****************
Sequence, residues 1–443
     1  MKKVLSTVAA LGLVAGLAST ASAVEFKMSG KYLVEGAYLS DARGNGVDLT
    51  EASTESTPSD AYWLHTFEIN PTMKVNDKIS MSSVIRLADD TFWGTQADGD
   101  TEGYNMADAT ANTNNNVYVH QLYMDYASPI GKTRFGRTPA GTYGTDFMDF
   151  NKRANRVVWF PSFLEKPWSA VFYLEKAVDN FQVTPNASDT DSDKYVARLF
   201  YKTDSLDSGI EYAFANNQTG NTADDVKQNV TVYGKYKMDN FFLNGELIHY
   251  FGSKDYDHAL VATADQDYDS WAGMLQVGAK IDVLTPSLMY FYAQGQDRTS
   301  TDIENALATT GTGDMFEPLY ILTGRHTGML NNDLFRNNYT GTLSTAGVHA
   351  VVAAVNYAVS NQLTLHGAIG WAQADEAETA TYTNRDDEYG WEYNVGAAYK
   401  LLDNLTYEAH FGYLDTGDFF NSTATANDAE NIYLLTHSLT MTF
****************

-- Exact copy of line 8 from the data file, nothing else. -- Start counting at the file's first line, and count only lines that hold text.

   301  TDIENALATT GTGDMFEPLY ILTGRHTGML NNDLFRNNYT GTLSTAGVHA